The 6 types of Product Managers. Which one do you need?

Eskimos have 1,000 words to describe snow. Marketers have well defined adjectives for their field: affiliate, SEO, content, performance, enterprise. Developers describe their functions and their expertise: front end, back end, java, node.js. And then there is Product, which often starts and ends with a single defining word…product.

Background — The rise of Product:

Ten years ago, Product was barely discussed as a function. Roll forward the clock to today, and product managers are some of the most in-demand talent. Just last year, the WSJ published an article stating that the most coveted post-MBA job is a product manager role (a bit frightening, I admit).

So, what is a product manager? There have been a number of articles outlining the skills of product managers: many write about product as a blend of business, ux, and tech, including posts by Marty Cagan, Martin Eriksson, and this gem by Dan Schmidt. And then there is this classic post by Ben Horowitz and David Weiden on Good vs. Bad PMs.

Credit: Martin Eriksson

Overall, as Marty Cagan says in his book Inspired, the job of a product manager is “to discover a product that is valuable, usable and feasible”.

Why this matters:

However, this broad definition is missing a set of adjectives for the role, Product Manager. The lack of a common vernacular creates a shallow definition for the variety of product people out in the world. And, that lack of definition leads to hiring mis-steps and not understanding the superpowers and kryptonite for each type of product person.

At first, you might believe that this is a large company problem because they can hire multiple product managers, each with their own specialties. But this is even more critical for startups where you must make sure your first hires are the right ones.

The 6 main product manager types:

  • Superpower: Loves the chase of finding conversion and retention improvements. Might have been a marketer in a past life, blending customer psychology with behavior change tactics. Helps consumers find what they are looking for with the optimal amount of work.
  • Kryptonite: Risks becoming addicted to the sugar high of boosting $ at the expense of the overall customer experience. For example, turning off an auto-rebill reminder will likely pop your short-term retention, but could negatively impact long-term retention, refunds, and brand loyalty.
  • Example job function: Responsible for optimizing conversion flows from marketing landing pages, pricing, and onboarding. Responsible for driving engagement/repeats by revealing new content or products
  • Aliases: eCommerce, Marketing, Performance, Conversion
  • Superpower: A detective at heart, they can study a customer’s workflow/process and find unique opportunities for improving it. They cut out extraneous steps and optimize every interaction.
  • Kryptonite: Assuming users will adopt a new behavior/workflow. Old workflows are addictive because they are familiar; there will often be a switching cost for users even if your new tool is better in the long run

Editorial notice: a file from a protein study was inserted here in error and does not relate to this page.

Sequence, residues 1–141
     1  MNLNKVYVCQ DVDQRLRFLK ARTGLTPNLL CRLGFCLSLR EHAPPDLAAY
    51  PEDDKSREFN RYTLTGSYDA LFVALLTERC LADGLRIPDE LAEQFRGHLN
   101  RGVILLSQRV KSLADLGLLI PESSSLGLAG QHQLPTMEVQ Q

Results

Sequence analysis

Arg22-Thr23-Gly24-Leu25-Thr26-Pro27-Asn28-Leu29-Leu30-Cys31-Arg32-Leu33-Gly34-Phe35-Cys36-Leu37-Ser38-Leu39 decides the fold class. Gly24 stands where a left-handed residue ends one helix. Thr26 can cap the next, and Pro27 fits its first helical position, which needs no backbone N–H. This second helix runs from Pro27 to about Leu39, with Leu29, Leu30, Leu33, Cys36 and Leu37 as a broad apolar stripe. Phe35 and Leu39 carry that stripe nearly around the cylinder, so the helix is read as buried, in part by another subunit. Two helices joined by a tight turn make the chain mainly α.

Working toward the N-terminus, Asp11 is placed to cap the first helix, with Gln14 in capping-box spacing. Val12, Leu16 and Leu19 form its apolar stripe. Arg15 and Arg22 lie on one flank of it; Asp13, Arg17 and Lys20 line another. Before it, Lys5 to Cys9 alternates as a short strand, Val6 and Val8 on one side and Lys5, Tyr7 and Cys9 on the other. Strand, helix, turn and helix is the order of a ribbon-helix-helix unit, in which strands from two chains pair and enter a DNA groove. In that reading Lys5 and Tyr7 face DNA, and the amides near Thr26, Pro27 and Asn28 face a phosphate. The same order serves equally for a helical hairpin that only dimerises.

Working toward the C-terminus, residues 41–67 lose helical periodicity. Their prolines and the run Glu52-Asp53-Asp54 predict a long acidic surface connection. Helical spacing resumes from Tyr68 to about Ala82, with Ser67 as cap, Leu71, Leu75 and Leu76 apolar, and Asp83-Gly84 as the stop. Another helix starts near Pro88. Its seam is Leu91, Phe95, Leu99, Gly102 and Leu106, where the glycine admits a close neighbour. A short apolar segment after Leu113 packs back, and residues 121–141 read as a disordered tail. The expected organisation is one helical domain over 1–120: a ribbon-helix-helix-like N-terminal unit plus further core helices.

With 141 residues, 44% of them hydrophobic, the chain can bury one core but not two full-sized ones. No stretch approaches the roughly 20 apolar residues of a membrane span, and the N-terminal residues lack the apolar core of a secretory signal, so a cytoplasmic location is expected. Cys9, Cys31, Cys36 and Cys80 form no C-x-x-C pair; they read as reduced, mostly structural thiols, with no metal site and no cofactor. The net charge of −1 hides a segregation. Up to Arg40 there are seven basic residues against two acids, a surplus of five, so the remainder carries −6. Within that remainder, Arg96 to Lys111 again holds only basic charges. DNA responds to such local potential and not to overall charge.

• Example job function: Building editing tools, dashboards, tracking tools
  • Aliases: SaaS, workflow
  • On a related note: There are also Internal Workflow Product Managers. This flavor of Workflow Warrior loves driving improvements for the functions within a business including marketing, customer service, tech and sales (to name only a few).
  • Superpower: Understands the psychology behind users sharing and connecting with others. Loves testing ways to drive engagement and deepen connections. In a B2B setting, builds collaboration into a workflow.
  • Kryptonite: Focuses on building a vibrant community at the expense of financial/business goals.
  • Example job function: Responsible for building the contributor side of a marketplace, driving social interactions in a gaming app, or collaboration for enterprise SaaS.
  • Aliases: Social, platform
  • Superpower: Build it and they will come. Amazing at building services that others (internal teams or external developers) want to use. Typically more technical PMs who understand how to build a service/API.
  • Kryptonite: Not understanding that you must also market it. Learning scalable ways to address the variety of use cases or customization of your service.
  • Example job function: Manages the development of external APIs and the developer platform.
  • Aliases: API, ‘technical’
  • Superpower: Expert translator between user needs and the problems algorithms or AI /ML models can solve. In the past, this role was commonly a ‘Search PM’.
  • Kryptonite: Focusing on technically interesting problems that have low business/customer value.
  • Example job function: Improving search success rates and time to conversion.
  • Aliases: Search, ‘technical’, analytics, AI/ML
  • Superpower: Expert at unique mobile use cases, mobile ux/design, and app store processes. Ideally, has a personal relationship with the Apple review team!
  • Kryptonite: Believing that understanding mobile is enough. Must build capabilities in one of the areas above as well, because understanding the native ecosystem will be a skill that every PM has in the future.
  • Example job function: Leads iOS and Android native app teams
  • Aliases: Native, Apps

The product profession has grown enormously over the last ten years and deserves to have a set of common adjectives (probably even more than 6). I look forward to the day when all companies and job descriptions use a common set of vernacular to find the right person!

With these product types, you’ll be able to determine exactly what type of PM your company needs, and what questions you’ll need to ask to find them.

Questions, comments and debate desired…I’d love to hear what you think.


If you’re building a startup that is scaling, I’d love to hear from you and explore how I can help. Reach out to me at catherine@firstmarkcap.com